About Mental Health First!
Have you ever fallen down and really appreciated someone coming over and offering basic first aid to you? It might have been just a little graze, that doesn't matter. A little cut that isn't cleaned up and bandaged is susceptible to infection and deterioration to health and healing. In much the same way, little wounds to our minds can occur. They may be based on biology, cultural beliefs, traumatic events or psycho-social reasons to name a few. When they occur, wouldn't it be nice if someone came up to you to offer some assistance? The earlier the help is offered, the better the prospect for a faster recovery. Mental Health First aims to promote services and programs which include Mental Health First Aid, mindfulness meditation and other holistic-based therapies so that we not only help ourselves but also help our friends and families too.
Mental Health First Aid Courses
Mental health first aid is the help provided to a person who is developing a mental health problem, experiencing a worsening of a mental health problem or in a mental health crisis. The first aid is given until the appropriate professional help is received or the crisis resolves. Participants will learn the signs and symptoms of mental health problems, where and how to get help and what sort of help has been shown by research to be effective.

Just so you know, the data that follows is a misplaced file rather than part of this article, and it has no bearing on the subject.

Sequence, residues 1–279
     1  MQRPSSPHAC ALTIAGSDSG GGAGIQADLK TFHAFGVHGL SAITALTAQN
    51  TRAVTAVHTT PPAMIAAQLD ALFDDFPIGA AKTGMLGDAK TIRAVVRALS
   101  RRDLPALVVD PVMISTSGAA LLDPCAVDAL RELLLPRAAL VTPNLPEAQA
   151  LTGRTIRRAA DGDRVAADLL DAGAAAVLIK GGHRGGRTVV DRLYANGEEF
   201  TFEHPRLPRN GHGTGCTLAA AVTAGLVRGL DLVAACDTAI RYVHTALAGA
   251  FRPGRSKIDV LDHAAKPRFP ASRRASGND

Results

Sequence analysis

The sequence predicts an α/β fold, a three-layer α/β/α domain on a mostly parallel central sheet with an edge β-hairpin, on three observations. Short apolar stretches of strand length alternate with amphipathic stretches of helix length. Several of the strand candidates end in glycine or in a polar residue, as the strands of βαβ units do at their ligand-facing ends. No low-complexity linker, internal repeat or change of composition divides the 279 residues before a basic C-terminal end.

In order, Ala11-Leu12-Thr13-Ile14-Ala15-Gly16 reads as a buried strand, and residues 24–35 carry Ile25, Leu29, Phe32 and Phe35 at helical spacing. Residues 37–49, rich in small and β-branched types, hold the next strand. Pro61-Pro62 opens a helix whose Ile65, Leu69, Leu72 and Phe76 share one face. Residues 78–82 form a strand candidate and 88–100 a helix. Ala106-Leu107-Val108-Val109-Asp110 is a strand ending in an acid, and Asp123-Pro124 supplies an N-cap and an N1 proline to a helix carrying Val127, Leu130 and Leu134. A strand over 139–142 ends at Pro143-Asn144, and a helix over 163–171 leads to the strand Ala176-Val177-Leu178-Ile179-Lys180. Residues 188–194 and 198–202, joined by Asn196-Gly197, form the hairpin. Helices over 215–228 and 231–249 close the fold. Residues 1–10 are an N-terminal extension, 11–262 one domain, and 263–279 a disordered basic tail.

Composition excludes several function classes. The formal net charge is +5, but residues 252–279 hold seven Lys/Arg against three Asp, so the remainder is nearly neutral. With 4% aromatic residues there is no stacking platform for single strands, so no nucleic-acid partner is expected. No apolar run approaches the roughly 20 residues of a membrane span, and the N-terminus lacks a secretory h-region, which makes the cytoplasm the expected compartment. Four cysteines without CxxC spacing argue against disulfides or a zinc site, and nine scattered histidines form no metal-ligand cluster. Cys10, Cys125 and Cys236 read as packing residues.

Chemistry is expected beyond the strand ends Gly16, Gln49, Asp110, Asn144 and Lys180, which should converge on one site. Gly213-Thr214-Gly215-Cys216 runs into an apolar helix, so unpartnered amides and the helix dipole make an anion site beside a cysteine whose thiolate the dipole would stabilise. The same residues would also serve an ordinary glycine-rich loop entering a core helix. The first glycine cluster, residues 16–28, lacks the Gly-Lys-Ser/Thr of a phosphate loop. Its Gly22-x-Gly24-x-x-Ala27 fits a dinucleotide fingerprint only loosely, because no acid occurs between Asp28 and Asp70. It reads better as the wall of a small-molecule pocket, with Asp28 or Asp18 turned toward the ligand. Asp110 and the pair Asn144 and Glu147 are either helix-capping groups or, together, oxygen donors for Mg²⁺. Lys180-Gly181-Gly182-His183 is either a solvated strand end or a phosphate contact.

The 12-hour Standard Mental Health First Aid (SMHFA) course covers:
Developing mental health problems
Psychosis and substance use problems
Suicide and other mental health crises
Participants receive a copy of the Standard MHFA manual and are eligible to become an accredited Mental Health First Aider. The accreditation is valid for three years after which a short refresher course can be taken. There are different MHFA courses available to suit organisations' and individuals' aims. These include the standard adult MHFA, youth MHFA, teen MHFA, older person MHFA, gambling MHFA, suicidal behaviours MHFA and Non-Suicidal Self Injury MHFA to name a few.
For upcoming courses, click here.
Mindfulness meditation has been used by clinicians to ease anxiety, depression, stress and even PTSD for decades. At its core, it is about becoming more aware of self, thoughts, behaviour and the present moment. There are various forms of mindfulness meditation including breath, walking, sitting and sound. Its aims are to:
improve control over emotions
calm overwhelming thoughts
help redirect past or future thoughts to the present experience
become aware of habitual thinking patterns to prompt change
facilitate better responses (to situations) rather than unhelpful reactions
For class timetable, click here.
Scheduled for 2020